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Re: high frequency tubes??

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  • lilacdawndragon
    Hi, Henry. Yes, I think it must be... although I ve never heard that term before. It is only the ballast box that is electronic, though. Ordinary reptile UVB
    Message 1 of 4 , Jan 1, 2007
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      Hi, Henry.
      Yes, I think it must be... although I've never heard that term before.
      It is only the ballast box that is electronic, though.
      Ordinary reptile UVB tubes (eg. the ZooMed Reptisun 10.0 tube we were
      discussing on another topic) work with either an ordinary magnetic
      ballast like this one:
      http://www.arcadia-uk.info/product.php?pid=1&mid=10&lan=en&sub=&id=4

      Or a new electronic ballast like this one:
      http://www.arcadia-uk.info/product.php?pid=7&mid=10&lan=en

      There's some interesting "blurb" about these, on that page.

      I have one electronic ballast, a cheaper one made by Hagan, (but
      their website is down so I can't find a link)... The electronic
      ballast is, I think, a lot more pleasant to use. It doesn't get
      nearly as hot. Interestingly, though I don't know why, tubes on it
      don't run as hot, either, but they do have a slightly lower UVB
      output as well. I can't say about the flicker, I can't see any myself
      with either type, but the tubes start up more smoothly and quickly
      with the electronic ballast, you don't get that initial clicking
      sound and double flick of light at the electrodes.

      It's annoying that they don't seem to make an electronic ballast for
      one tube... only a pair.

      Frances


      --- In UVB_Meter_Owners@yahoogroups.com, henry brames
      <henry.brames@...> wrote:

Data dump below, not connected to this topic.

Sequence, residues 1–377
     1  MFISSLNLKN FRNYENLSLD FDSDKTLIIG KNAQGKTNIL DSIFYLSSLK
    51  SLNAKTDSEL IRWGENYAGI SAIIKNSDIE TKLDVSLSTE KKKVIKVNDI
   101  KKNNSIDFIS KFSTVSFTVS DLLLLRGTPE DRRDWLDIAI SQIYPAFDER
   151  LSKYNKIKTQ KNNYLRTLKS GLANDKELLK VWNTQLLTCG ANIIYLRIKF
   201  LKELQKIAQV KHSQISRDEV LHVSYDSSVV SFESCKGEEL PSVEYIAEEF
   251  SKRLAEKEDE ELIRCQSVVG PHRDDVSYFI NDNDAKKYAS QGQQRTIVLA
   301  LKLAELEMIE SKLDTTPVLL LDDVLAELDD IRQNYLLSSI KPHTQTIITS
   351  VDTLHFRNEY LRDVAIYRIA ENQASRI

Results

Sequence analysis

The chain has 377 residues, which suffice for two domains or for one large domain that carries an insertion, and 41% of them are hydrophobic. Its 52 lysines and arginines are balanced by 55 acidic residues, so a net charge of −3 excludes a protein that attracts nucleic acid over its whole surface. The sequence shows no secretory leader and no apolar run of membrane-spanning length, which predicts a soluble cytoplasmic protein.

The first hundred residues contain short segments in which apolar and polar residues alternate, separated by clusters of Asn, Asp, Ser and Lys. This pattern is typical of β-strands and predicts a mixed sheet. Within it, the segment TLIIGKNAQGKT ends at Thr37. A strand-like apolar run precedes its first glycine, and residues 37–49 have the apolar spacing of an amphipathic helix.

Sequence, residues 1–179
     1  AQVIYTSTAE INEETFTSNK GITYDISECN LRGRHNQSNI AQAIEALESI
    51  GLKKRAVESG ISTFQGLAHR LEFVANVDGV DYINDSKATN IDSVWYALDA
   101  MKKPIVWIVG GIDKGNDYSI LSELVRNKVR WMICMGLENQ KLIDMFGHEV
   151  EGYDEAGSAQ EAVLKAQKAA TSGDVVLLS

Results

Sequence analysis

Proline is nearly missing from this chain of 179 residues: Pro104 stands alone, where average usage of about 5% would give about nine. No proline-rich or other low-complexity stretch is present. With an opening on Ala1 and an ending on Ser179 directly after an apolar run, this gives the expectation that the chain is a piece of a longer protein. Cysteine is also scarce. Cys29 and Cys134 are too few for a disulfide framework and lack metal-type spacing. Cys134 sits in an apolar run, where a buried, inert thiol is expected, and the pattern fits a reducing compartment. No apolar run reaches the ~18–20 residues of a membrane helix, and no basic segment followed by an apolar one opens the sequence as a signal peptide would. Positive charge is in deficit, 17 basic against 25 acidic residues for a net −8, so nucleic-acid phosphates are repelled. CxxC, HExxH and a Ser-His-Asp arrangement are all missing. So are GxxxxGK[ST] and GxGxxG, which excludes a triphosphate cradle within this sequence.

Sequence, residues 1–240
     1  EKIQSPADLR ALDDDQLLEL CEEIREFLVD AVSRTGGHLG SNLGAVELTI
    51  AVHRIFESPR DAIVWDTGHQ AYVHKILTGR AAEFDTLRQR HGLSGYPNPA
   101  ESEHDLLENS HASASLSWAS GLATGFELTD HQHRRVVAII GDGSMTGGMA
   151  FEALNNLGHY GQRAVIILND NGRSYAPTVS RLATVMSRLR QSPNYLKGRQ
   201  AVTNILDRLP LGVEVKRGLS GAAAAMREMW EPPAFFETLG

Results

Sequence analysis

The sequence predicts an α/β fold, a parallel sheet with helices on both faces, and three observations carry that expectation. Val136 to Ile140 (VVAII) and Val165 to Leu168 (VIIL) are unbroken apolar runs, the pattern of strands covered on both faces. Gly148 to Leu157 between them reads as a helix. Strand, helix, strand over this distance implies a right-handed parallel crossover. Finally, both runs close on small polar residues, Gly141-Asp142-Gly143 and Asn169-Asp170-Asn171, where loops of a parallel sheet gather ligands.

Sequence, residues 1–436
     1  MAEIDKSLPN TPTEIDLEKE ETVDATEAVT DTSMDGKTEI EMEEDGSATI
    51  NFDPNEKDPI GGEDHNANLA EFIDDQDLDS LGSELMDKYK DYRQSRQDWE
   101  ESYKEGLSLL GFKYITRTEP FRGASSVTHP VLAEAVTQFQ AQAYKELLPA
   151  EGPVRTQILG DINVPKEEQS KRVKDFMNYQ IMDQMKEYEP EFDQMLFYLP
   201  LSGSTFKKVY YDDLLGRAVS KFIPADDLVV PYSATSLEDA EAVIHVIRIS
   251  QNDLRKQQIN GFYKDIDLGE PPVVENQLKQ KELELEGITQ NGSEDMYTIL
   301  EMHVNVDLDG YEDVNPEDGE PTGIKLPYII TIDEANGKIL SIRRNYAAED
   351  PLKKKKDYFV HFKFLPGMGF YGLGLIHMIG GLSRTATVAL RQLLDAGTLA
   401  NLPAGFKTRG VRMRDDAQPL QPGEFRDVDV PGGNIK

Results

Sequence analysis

>
      > is an electronic ballasted tube (i never saw a ficture of them
      > consiously in germany)
      > a high frequency tube?
      >
      > gx henry

      > Choosing a date in a disco can be a serious mistake. Captive birds
      have
      > a similar problem. The stroboscopic effect of fluorescent lights in
      > farms and zoos may prevent them from assessing potential mates
      properly.
    • lilacdawndragon
      Should we worry about a stroboscopic effect in the vivarium?... I am not convinced yet, that there is cause for concern for reptiles. If lizards have a faster
      Message 2 of 4 , Jan 1, 2007
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        Should we worry about a stroboscopic effect in the vivarium?... I am
        not convinced yet, that there is cause for concern for reptiles.
        If lizards have a faster critical flicker fusion frequency(CFFF)than
        us (as birds do) then they should not be able to watch videos and
        understand them (as did the Australian Jacky Lizards in that study I
        gave you a link to.)
        Fish seem to have a CFFF that is dependent upon body temperature.
        Presumably there's a physiological reason for this, something to do
        with neurons firing more slowly if cold, or something? I would have
        thought that this should be similar in reptiles, whereas birds are of
        course warm blooded and indeed, have body temperatures that are
        normally higher than ours.
        To be certain we could do with some more scientific studies, but I'm
        a great believer in little Kitchen Experiments.
        Has anyone got the time to video their iguana, bearded dragon or
        other large-brained, socially responsive reptile moving around... and